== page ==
My goal for the paper was to look at member or two of the Islam community and Jehovah’s Witnesses community, and how their life was influenced by their corresponding religion. I feel that I have a lot of sources that give thorough context, but I feel as though I didn’t analyze the quotes to the best of my ability. I plan to get better at this skill in the near future.
The unwavering faith a person has in a divine being or energy that they cannot see can be astounding to some. A person becomes people that over centuries have formed groups based on their beliefs, resulting in religions. From these original religions, subcategories called denominations have come forth due to different interpretations. These groups have been judged at times based on misconceptions built out of scandals and radicalism, but when forming opinions about something, it is best to look at the facts, or in cases, the religious texts or beliefs of the actual people. How does religion really influence a person’s behavior or actions and what lengths will they go to to prove their faith? Well, let’s start by breaking down a religion not too many of people know about. Jehovah’s Witnesses are one of the many denominations of the monotheistic religion, Christianity. Its members believe that the creator of the universe is named Jehovah, and its core beliefs come from both the New and the Old Testaments. They acknowledge Jesus as a son of God, technically making them Christians, but they do not recognize the Trinity doctrine or Jesus as the “Almighty God” (“What Do Jehovah’s Witnesses Believe?”). After gathering this general idea of what the religion was based on, one may become curious about personal stories to get a first hand account of members’ upbringings and/or conversions. My father was brought up as a member of Jehovah’s Witnesses, and he spoke rarely of the door-to-door ministry, but I felt like there was more he was not saying. Then, I stumbled upon Walter Hudson’s story. He reveals, “[Jehovah’s] Witnesses are religious in the same sense that radical Islamists are. Their theology defines every aspect of their lives and dictates the most trivial nuances of their behavior,” (Hudson, Walter). After some digging, some intriguing rules were “You shall not celebrate birthdays,”, “You shall not lie, but you may refrain from telling the truth to those Jehovah’s Witnesses deem do not deserve it,”, “You shall not vote in political elections,”, “You shall not abort your child, even if it is medically confirmed that the child will be born dead,” and “You shall shun disassociated persons,” (“What is wrong with being one of Jehovah’s Witnesses?”). With these rules and pages more, one might run into some obstacles. Some of these rules could absolutely result in a small social circle at the very least and if you don’t get along with anyone in your religious community, a lack of friends. Steph Le Gardener speaks of being bullied when not saluting the flag during the Pledge of Allegiance, sitting alone during sports and holiday activities while others pitied her, and a loss of innocence during meetings at the Kingdom Hall (their place of worship) where no filter was applied for the young members when speaking of the gruesome deaths non-members would suffer during Armageddon. “My story as a Jehovah’s Witness child is not at all uncommon. As a matter of fact, I’d say it’s probably quite typical… It was demanded that I trade in my childhood dreams of becoming a ballerina or a gymnast for the dream of serving Jehovah 90 hours a month in the door-to-door ministry. I would have to knock on doors and peddle magazines for the prize of some day, being able to ‘play with a panda in paradise.’ I can tell you that the price was far too high, and the trade-off was not fair,” argues Gardener. Through her experiences it appears that this religion causes one to grow up too fast while simultaneously not being allowed to really be a kid. As those kids grow up they either stick with what they know or leave because of that nature of Jehovah’s Witnesses, and this results in the shunning of that person to the point where their own family is highly discouraged from speaking to them. Members also believe that the end is near, and go about preaching to save as many as they can, but with this mindset they are encouraged to sell their property and await Armageddon, resulting in homelessness. Society would look at this religion as quite extreme while devoted members believe that they are dedicating their lives to doing right by Jehovah and helping people to them who would seem educated, find their way through this religion and recognize that the end of the world is coming. A religion that is more well known is Islam. It comes from the word “salam” meaning peace, and the word itself means “surrender” to the word of God. The belief is that many prophets were sent to convey that Allah, the Arabic word for the one true God, is the only deity worth worshipping, also making it a monotheistic religion (“What is Islam?”). This religion speaks of improving oneself before trying to impact others’ lives, which is a profound lesson that seems to looks down upon arrogance. Some steps to self-purification are included in the Qur’an and the teachings of Muhammad: “Strive to increase your knowledge whether it be religious or academic knowledge. Endeavor to be an informed and active citizen,”, and “Improve your moral standards by cultivating integrity, conscientiousness, and right action,” (“Importance of Self-Improvement in Islam”). These statements are suggesting that by bettering yourself, you are bettering your community. One 31-year-old Chicano man talks about how he had used various drugs in the past as a means of escape from depression and was not even seeking to be part of a religion when he read the Qur’an for the first time. However, reading that religious text was a turning point in his life where through this religion, he reflected on the way he’d been living and how he could improve himself. “I have been a Muslim since 1997. I’m at peace with myself and clear in Religion….I think that Islam is the answer for the problems of the youth and society in general,” (“A Muslim’s personal testimony”). When people join religions, they don’t just join a group of people who believe in the same God, Gods, or energy as themselves, but they also agree to uphold a certain way of life based upon the divine beings’, prophets, or philosophers’ teachings. The Jehovah’s Witnesses rules are more like a handbook for life, giving strict directions that if followed will save you from Armageddon, while the Islam’s texts seemed to be more like advice on how to be a better person. Based on these texts people make sacrifices that they may not even be aware of or that they may painfully be aware of to do right by their God, God’s or energy. At the end of the day, these beings or energies that eludes our physical senses brings people together from all walks of life to form a sense of community.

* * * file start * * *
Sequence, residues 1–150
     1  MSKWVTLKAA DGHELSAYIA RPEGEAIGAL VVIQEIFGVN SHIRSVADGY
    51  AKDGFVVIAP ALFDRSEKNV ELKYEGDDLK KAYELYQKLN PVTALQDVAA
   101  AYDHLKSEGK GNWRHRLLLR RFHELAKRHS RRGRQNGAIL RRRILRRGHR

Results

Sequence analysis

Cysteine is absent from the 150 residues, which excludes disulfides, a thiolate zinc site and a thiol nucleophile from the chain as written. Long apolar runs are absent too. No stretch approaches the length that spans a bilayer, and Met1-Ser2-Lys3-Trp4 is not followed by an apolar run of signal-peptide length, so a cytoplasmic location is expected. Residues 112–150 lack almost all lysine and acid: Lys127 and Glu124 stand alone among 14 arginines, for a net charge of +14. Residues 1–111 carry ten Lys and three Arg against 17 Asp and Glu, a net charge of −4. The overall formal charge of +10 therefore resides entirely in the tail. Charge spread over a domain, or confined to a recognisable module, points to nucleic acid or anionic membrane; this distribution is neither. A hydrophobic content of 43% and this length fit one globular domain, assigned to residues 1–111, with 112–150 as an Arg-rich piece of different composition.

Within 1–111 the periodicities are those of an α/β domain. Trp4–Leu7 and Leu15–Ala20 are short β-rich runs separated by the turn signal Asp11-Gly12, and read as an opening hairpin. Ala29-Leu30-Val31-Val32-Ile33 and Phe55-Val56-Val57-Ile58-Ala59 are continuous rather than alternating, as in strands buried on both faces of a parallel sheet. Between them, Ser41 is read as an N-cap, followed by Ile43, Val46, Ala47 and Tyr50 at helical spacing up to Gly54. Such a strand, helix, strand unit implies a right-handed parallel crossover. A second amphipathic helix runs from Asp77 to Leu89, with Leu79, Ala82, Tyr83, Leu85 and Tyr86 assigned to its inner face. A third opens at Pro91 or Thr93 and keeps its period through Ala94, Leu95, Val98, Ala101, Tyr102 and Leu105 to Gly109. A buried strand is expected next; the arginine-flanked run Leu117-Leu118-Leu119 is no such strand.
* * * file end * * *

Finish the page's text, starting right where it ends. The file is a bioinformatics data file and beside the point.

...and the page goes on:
“What Do Jehovah’s Witnesses Believe?” JW.ORG, Watch Tower Bible and Tract Society of Pennsylvania, www.jw.org/en/jehovahs-witnesses/faq/jehovah-witness-beliefs/.
Walter Hudson. “My Childhood in the Cult of Jehovah’s Witnesses.” Faith, PJ Media, pjmedia.com/faith/2016/05/31/my-childhood-in-the-cult-of-jehovahs-witnesses/.
“Jehovah’s Witnesses’ Rules - avoid jw.Org.” Jehovah’s Witnesses, 9 June 2016, avoidjw.org/en/changes/jehovahs-witnesses-rules/.
“My Life as a Jehovah’s Witness Child.” Watchtower Watch, 16 May 2013, watchtowerwatch.com/blog/my-life-as-a-jehovahs-witness-child.
“What is Islam?” Facts about the Muslims & the Religion of Islam - Toll-Free hotline 1-877-WHY-ISLAM, www.whyislam.org/islam/what-is-submission/.
“Home.” The People of the Book, www.thepeopleofthebook.org/why-bother-to-share-with-muslims/a-muslims-personal-testimony/.
PBS, Public Broadcasting Service, www.pbs.org/wgbh/pages/frontline/teach/muslims/beliefs.html.